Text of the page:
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Wednesday, April 17, 2013

City Council Notes 4.15.13 (Including Update on Police Chase)

By Pat Lafleur, 
FortThomasMatters City Beat


April 15, 2013: a day of looming headlines. The U.S. files its taxes. Cesar Chavez’s chosen successor is elected to the Venezuelan presidency, to mixed global response. Background checks for U.S. gun purchases remain hung in limbo. Violence erupts in Iraq, and a mysterious, horrific pair of explosions rocks the Boston Marathon.

So maybe it was a good thing that, in Ft. Thomas City Council chambers, there were no such headlines. The brief, 30-minute council meeting focused primarily on the lighter side of Ft. Thomas life:

   Asst. City Administrator Ron Dill delivered the General Services Dept. 2012 Annual Report. With facts and figures sitting precisely where Mr. Dill expected them, he was happy to report that the installment of Rossford Park and the on-going development of the Highland Park dog park continue to see high rates of activity and engagement from residents.

   The Fort Thomas Fire Department followed suit, gladly reporting a successful month of March, with a strong turnout of 42 participants in last month’s Weather Spotters seminar, and a brand new FEMA grant, procured for a new defibrillator unit and in-house alerting system. 

   Fort Thomas Police Chief Mike Daly rounded out the good news, reporting that all current FTPD Academy cadets are performing well, and -- despite the warming of the weather -- crime levels for the month of March remained flat (instead of increasing, as was expected).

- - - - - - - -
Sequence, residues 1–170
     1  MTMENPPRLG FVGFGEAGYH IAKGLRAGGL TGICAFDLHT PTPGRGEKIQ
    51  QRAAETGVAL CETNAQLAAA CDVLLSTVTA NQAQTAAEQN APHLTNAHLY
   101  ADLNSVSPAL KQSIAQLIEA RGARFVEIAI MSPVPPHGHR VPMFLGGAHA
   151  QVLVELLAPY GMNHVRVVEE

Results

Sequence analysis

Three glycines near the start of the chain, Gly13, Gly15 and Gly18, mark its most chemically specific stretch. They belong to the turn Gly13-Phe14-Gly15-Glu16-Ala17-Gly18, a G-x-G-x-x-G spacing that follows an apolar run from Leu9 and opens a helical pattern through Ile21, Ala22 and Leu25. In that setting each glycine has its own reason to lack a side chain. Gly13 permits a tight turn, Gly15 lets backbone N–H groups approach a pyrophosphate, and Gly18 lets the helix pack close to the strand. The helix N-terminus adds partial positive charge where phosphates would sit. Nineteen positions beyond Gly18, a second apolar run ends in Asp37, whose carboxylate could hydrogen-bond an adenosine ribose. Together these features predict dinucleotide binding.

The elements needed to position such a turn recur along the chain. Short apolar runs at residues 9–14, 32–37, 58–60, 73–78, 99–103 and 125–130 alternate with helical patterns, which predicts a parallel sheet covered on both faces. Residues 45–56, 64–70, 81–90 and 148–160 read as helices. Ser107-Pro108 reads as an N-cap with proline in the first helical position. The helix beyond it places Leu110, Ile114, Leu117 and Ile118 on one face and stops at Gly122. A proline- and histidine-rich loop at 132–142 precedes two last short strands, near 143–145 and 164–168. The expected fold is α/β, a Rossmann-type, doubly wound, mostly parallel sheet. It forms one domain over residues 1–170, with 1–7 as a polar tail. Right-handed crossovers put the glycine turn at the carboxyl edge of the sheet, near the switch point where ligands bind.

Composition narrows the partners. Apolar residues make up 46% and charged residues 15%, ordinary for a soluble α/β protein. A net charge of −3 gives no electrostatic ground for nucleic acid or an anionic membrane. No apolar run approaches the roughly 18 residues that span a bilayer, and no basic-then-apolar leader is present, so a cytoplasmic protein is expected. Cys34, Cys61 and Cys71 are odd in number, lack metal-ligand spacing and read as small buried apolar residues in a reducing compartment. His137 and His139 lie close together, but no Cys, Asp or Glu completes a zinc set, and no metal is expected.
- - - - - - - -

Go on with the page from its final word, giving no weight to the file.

Chief Daily also made sure to comment on the high-speed chase that occurred last Wednesday night. Chief Daily clarified and augmented a few of the details I reported last week. To amend my earlier report, Chief Daily explained that the chase originated with Southgate Police initiating pursuit on I-471, a chase that resulted in the suspect crashing into two parked vehicles (as opposed to just one) on Dixie Ave. The pursuit also involved Newport police (in addition to Ft. Thomas and Southgate). All other facts reported last week were confirmed by Chief Daly’s statement.

After the departmental reports, Mayor Brown asked council for old and new business, and crickets chirped. A quiet two weeks in Ft. Thomas, and a quiet City Council meeting.

In fact, if this week’s Ft. Thomas City Council meeting were any sort of barometer, one would think nothing were going on in the world at all. Given the events actually going on yesterday, maybe that was intentional.

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